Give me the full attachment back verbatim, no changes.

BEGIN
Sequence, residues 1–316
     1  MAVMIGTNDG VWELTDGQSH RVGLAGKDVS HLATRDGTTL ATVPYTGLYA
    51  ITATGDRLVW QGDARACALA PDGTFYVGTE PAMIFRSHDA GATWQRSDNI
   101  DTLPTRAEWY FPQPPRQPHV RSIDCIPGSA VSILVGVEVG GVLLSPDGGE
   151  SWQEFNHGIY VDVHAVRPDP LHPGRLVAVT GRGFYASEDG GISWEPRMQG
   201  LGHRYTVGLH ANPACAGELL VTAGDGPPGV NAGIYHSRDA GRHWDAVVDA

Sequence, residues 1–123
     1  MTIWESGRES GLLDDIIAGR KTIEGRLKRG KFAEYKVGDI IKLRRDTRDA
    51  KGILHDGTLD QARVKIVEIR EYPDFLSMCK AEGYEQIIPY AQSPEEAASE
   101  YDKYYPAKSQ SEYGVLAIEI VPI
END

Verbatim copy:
Sequence, residues 1–316
     1  MAVMIGTNDG VWELTDGQSH RVGLAGKDVS HLATRDGTTL ATVPYTGLYA
    51  ITATGDRLVW QGDARACALA PDGTFYVGTE PAMIFRSHDA GATWQRSDNI
   101  DTLPTRAEWY FPQPPRQPHV RSIDCIPGSA VSILVGVEVG GVLLSPDGGE
   151  SWQEFNHGIY VDVHAVRPDP LHPGRLVAVT GRGFYASEDG GISWEPRMQG
   201  LGHRYTVGLH ANPACAGELL VTAGDGPPGV NAGIYHSRDA GRHWDAVVDA

Sequence, residues 1–123
     1  MTIWESGRES GLLDDIIAGR KTIEGRLKRG KFAEYKVGDI IKLRRDTRDA
    51  KGILHDGTLD QARVKIVEIR EYPDFLSMCK AEGYEQIIPY AQSPEEAASE
   101  YDKYYPAKSQ SEYGVLAIEI VPI